DNA Vs. RNA

Comparing DNA and RNA

Comparing DNA and RNA

Hey guys, welcome to this Mometrix video over DNA vs. RNA. In our last video we looked at Chromosomes: their structure and their function. In this video we will take an in depth look at the Structure and function of both DNA and RNA.

To start let’s take a look at what DNA and RNA are, and then we will go back through and compare them.

DNA stands for deoxyribonucleic acid and is a nucleic acid that contains the genetic instructions used in the development and functioning of all known living organisms. DNA is housed in the nucleus of the cell, and works as a vehicle for storage and transferral of an organism’s genetic information. DNA is a polymer that has a deoxyribose and phosphate foundation with four nitrogenous bases: adenine and guanine (which are purine) and cytosine and thymine (which are pyrimidine). Now, Adenine only pairs with Thymine, and Guanine only pairs with Cytosine.

DNA is a double helix structure and looks sort of like a spiraling staircase. The way that it spirals actually helps to give DNA added protection and stability. Let’s take a look at exactly why: so, DNA has two strands (both located at the lateral ends), and these strands are twisted together like a spiraling staircase, which makes up the the double helix. The lateral ends of these strands consist of the sugar-phosphate backbone of neighboring nucleotides that are bonded with one another. The phosphate molecule forms a covalent bond (which means it shares electrons) with the deoxyribose sugar. These hydrogen bonds are what actually cause the DNA strands to spiral. The nitrogenous bases (adenine, guanine, cytosine and thymine) are sandwiched between the two sugar-phosphate strands. Each nitrogenous base is directly adjacent to another nitrogenous base pair forming hydrogen bonds. Hydrogen bonds are weak bonds, but the bonds between the phosphate and sugar molecule are very strong bonds (which means they are very stable, and can handle resistance). So, basically this phosphate-sugar backbone’s main job is to hold the nitrogenous bases (that function as the coded set of instructions) in place, and to protect them from outside elements. The spiraling of the sugar-phosphate backbone adds 360 degree protection to the nitrogenous bases, rather than the nitrogenous bases being un-spiraled and exposed. If it were not spiraled, then the weaker hydrogen bonds between the nitrogenous bases would be exposed to the surrounding elements, which could potentially break the bonds.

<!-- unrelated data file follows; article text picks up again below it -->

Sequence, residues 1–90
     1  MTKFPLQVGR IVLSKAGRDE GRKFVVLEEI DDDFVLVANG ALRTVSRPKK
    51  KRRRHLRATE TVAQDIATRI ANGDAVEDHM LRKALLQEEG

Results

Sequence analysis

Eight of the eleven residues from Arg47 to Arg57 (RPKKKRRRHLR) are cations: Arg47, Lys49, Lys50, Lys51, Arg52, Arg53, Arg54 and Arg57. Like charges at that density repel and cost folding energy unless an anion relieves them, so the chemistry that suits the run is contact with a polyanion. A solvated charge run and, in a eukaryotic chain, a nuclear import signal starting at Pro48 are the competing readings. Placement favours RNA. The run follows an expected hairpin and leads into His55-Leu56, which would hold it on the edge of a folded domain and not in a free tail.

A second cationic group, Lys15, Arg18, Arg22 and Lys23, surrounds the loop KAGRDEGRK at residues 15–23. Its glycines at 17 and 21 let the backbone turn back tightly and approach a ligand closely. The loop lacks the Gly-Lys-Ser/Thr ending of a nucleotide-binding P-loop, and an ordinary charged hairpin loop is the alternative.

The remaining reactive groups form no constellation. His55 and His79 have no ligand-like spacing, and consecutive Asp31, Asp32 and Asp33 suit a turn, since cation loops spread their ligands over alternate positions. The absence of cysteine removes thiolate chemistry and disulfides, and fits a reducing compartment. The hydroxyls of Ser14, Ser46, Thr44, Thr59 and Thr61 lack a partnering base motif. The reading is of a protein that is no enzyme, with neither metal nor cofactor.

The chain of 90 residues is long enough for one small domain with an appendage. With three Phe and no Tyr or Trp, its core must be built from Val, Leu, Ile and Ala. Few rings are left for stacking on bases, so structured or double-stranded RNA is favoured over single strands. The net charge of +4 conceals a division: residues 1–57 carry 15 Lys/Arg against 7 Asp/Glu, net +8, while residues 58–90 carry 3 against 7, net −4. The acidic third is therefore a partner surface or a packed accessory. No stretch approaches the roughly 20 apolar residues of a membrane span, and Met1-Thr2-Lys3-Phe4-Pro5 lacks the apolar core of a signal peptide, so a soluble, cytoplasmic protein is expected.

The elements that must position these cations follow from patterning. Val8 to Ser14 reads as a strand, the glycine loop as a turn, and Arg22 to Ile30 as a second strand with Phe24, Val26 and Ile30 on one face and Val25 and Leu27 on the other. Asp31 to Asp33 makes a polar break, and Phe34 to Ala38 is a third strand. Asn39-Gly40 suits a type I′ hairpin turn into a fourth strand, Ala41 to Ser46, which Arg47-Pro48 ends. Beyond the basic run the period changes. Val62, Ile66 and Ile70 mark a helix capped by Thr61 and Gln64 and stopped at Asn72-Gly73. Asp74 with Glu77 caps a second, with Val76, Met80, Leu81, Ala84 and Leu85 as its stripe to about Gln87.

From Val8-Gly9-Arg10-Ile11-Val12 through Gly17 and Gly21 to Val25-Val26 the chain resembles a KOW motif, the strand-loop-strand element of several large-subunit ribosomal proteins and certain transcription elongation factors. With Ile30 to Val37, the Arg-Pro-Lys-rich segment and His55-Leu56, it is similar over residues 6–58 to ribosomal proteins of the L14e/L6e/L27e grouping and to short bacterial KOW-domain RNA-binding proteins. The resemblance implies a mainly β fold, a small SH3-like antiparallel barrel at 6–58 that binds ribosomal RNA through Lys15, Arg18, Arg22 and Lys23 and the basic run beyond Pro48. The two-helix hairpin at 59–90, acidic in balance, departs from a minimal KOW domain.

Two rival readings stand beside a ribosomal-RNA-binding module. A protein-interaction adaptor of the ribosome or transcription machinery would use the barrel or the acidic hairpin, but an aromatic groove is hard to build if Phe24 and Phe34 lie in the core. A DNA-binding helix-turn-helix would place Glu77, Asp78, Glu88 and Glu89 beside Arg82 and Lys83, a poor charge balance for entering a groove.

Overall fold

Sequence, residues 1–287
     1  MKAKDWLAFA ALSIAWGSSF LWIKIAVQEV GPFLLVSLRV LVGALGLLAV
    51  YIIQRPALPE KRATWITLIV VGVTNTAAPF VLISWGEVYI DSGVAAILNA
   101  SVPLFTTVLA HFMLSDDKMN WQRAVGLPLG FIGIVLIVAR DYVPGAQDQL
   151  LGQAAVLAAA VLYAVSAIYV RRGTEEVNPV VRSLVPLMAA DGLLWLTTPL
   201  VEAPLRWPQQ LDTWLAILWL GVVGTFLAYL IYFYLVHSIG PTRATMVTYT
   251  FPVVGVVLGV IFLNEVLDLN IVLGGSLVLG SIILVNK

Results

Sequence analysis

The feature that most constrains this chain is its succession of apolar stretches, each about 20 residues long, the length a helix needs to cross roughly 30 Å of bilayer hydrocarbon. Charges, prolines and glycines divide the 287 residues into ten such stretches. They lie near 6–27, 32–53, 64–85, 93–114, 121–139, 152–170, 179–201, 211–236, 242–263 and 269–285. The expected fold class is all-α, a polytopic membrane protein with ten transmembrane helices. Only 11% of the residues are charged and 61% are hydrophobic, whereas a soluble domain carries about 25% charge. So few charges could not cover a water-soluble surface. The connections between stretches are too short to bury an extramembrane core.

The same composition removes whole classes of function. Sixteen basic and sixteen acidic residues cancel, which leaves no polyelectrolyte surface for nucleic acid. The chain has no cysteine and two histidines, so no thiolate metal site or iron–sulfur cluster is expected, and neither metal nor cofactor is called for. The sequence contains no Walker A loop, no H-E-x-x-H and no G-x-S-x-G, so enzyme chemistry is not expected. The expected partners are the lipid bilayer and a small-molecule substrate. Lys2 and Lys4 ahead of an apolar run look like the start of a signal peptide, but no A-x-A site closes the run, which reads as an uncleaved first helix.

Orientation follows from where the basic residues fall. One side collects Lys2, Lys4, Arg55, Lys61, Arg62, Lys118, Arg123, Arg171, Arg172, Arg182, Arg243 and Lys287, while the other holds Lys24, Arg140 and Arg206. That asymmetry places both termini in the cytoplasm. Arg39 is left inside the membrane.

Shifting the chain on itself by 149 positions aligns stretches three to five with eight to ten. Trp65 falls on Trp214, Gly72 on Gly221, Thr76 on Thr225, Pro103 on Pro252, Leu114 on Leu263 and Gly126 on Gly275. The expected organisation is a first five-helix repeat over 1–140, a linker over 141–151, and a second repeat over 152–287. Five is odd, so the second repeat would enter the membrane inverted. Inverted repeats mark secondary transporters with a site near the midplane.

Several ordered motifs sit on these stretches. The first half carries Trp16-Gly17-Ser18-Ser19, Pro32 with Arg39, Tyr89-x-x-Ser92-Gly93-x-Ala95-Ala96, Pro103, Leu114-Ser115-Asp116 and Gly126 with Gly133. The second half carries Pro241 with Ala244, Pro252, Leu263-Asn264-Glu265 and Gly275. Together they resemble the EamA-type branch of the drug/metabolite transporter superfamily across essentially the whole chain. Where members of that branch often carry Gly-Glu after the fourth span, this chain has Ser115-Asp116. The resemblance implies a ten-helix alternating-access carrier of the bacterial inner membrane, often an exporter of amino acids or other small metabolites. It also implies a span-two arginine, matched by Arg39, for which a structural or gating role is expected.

RNA stands for ribonucleic acid and is a nucleic acid that executes the instructions given by the DNA. RNA is housed in the nucleus and cytoplasm. The sugar in RNA is ribose. RNA is a single-strand chain of alternating phosphate and ribose units with the bases adenine, guanine, cytosine, and uracil bonded to the ribose. RNA molecules are involved in protein synthesis and sometimes in the transmission of genetic information. The primary role of RNA is to deliver the genetic information (or code) necessary for the building of proteins from the nucleus to the ribosome. This procedure stops the DNA from exiting the nucleus, for the purpose of protecting the DNA. The production of protein is not possible without RNA. RNA is also crucial to the process of DNA transcription. An enzyme called RNA polymerase latches on to the DNA strand then starts constructing a sequence of nucleotides to assemble a compatible RNA strand.

There are three main types of RNA: messenger RNA (mRNA), ribosomal RNA (rRNA), transfer RNA (tRNA).

mRNA is transcribed from DNA, and it transfers the coded instruction for protein synthesis.

rRNA is a part of the ribosome and controls the translation of messenger RNA into the proteins.

tRNA carries the amino acids, that follow the correct coding, to the ribosomes to be attached to into proteins.

Now, let’s review and compare DNA and RNA.

DNA has the sugar deoxyribose, while RNA has the sugar ribose. The difference between ribose and deoxyribose is fairly subtle; ribose has one more -OH group than deoxyribose has, and that is the only difference. Though the contrast is subtle that difference changes the entire function. DNA is double-stranded, RNA, on the other hand, is single stranded.
DNA is more stable under extreme condition conditions, but RNA is not very stable due to it only being single stranded. DNA and RNA perform different functions in humans. DNA is responsible for storing and transferring genetic information while RNA directly codes for amino acids and as acts as a messenger between DNA and ribosomes to make proteins. DNA and RNA base pairing is slightly different since DNA uses the bases adenine, thymine, cytosine, and guanine; RNA uses adenine, uracil, cytosine, and guanine. Uracil differs from thymine in that it lacks a methyl group on its ring.

I hope that this video on DNA vs. RNA was helpful to you. If you enjoyed it then be sure to give us a thumbs up. In our next video we will take a look Genes and alleles, so be sure to subscribe to check out more of our tutorials.

See you guys next time!

184871

 

by Mometrix Test Preparation | Last Updated: February 19, 2019